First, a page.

Should you join the military to pay for college? Many are tempted, especially in the wake of the passage of the Forever GI Bill. At the time of this writing, that modification to the military’s education benefits means more education options for the service member.
They include the ability to transfer GI Bill benefits to a qualifying spouse or child, and the housing allowance paid to those who attend in-person classes (or a reduced stipend for online courses).
What follows is NOT an encouragement to join or avoid joining the United States Army, Navy, Air Force, Coast Guard, or Marine Corps.
What IS intended? That you make the most informed decision possible. Should you decide to join not to join for the purpose of getting higher education paid for via the GI Bill?
Not All Military Service Counts The Same For GI Bill Benefits
Before making a decision about joining the military for education benefits, you need to know the requirements for becoming eligible for the GI Bill. And those benefits are NOT earned the same across the Guard, Reserve, and active duty.
GI Bill benefits are also not necessarily paid the same. Active duty troops get a better deal with the GI Bill due to their increased commitment. That is not an idea that is specifically codified in the rules. But it’s easy to see that the maximum benefits are earned through active service.
Each type of service is different in some way. You will not find GI Bill variations among the services–the active duty Army, active duty Navy, etc. have identical GI Bill eligibility rules. The Air National Guard and/or Air Force Reserve, for example, have requirements different than active duty but not different between the Guard and Reserve.
GI Bill Requirements For Active Duty Service Members
The Department of Veterans Affairs official site states that you must serve at least 90 days of “aggregate active duty service”. This applies to all new recruits who joined after Sept. 10, 2001 and are still on active duty.
GI Bill benefits are also offered to service members who are honorably discharged; those who were discharged with a service-connected disability after 30 days “may be eligible” according to the VA.
Furthermore, Purple Heart recipients are qualified no matter the length of their military service. The VA also welcomes “certain members of the Reserves who lost education benefits” when certain reserve college education benefit programs were altered in 2015.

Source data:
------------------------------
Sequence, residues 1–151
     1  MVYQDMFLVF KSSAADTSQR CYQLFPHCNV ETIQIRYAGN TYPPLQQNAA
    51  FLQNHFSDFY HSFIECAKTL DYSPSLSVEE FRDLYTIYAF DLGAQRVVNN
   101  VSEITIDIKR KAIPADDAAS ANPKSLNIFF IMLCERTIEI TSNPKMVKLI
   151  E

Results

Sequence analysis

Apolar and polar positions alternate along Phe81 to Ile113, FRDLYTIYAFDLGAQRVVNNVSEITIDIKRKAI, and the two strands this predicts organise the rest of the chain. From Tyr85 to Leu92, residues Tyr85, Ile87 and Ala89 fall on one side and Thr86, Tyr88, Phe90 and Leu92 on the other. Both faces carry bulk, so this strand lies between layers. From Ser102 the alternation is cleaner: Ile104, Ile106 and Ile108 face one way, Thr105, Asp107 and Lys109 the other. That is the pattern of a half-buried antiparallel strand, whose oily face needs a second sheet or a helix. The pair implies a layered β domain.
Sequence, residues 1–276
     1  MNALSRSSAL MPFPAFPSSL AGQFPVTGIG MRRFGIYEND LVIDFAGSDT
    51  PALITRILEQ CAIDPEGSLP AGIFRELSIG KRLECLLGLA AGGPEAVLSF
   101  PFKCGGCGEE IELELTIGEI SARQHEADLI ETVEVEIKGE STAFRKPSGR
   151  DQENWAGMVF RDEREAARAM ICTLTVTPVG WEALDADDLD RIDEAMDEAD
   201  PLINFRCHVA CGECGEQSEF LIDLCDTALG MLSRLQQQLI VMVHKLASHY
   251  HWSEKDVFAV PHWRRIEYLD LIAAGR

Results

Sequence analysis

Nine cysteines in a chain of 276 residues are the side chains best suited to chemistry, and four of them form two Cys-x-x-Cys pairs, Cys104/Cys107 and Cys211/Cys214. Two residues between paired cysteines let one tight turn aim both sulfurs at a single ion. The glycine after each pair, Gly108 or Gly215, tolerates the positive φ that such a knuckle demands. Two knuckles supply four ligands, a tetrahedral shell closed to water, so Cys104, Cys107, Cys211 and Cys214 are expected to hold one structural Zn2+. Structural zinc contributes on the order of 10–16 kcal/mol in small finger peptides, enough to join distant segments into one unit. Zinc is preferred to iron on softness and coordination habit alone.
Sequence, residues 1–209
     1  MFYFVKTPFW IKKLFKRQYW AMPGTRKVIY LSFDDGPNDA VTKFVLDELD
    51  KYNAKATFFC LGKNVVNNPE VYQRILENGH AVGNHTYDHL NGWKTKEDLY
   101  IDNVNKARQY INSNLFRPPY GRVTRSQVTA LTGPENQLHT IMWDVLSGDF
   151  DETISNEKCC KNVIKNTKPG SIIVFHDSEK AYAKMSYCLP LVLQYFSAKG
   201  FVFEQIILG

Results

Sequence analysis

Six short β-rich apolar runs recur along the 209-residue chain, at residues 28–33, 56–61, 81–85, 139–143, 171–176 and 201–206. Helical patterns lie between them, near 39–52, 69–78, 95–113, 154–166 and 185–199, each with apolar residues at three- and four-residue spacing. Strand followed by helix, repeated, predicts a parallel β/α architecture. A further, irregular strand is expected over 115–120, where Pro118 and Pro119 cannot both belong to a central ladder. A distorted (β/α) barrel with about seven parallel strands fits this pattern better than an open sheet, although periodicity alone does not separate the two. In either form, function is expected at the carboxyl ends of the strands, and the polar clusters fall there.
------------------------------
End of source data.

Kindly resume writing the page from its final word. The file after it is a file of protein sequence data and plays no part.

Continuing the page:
GI Bill Benefit Requirements For Guard And Reserve Members
Active Duty GI Bill benefits aren’t the same as Guard and Reserve benefits, right down to the name of the programs. Service members have in the past been offered The Montgomery GI Bill Selected Reserve (MGIB-SR), and certain types of Guard and Reserve service can qualify you for the Post 9/11 GI Bill.
Members of the Army, Navy, Air Force, Marine Corps or Coast Guard Reserve, Army National Guard, or Air National Guard may qualify for MGIB-SR GI Bill benefits for college. They must meet at least one of the following requirements:
- You signed a six-year service obligation in the Selected Reserve, or
- You are an officer in the Selected Reserve agreeing to serve 6 years in addition to the “initial service obligation”.
Service obligations must begin after June 30, 1985. Some with certain kinds of Guard or Reserve training after September 30, 1990 may also be eligible. However, those are NOT the only requirements. You must also meet all of the following:
- You must complete the initial active duty for training (IADT), and
- Own or obtain a high school diploma, High School Equivalency Diploma, GED, or an acceptable equivalent. This must be done before finishing IADT, and
- Remain in good standing while serving in an active unit.
Some may still be eligible to apply for GI Bill benefits if discharged from Selected Reserve service for a disability not caused by misconduct.
What You Need To Know About Joining The Military To Pay For College
Active duty service is the most beneficial for college benefits. Joining the Guard or Reserve means getting a smaller benefit amount. Unless, that is, unless your service qualifies you to apply for programs such as the Post 9/11 GI Bill. Or the Forever GI Bill for certain qualifying Reserve members (who lost benefits when certain education programs were shut down earlier in the decade.)
If you are talking to a military recruiter, ask to see a breakdown or comparison of education benefits based on your status as an active duty recruit, guard, or reservist. Pay rates are subject to change for a variety of reasons, so it will be helpful to know what the most current GI Bill benefit rates are for active duty, Guard, and Reserve when you visit the recruiter.
Joe Wallace specializes in personal finance, military affairs, and consumer protection topics. Since 1995, his work has appeared on Air Force Television News, The Pentagon Channel, ABC and a variety of print and online publications. He is a 13-year Air Force veteran and collects unusual vinyl records, which gives him an excuse to write the vinyl blog Turntabling.net.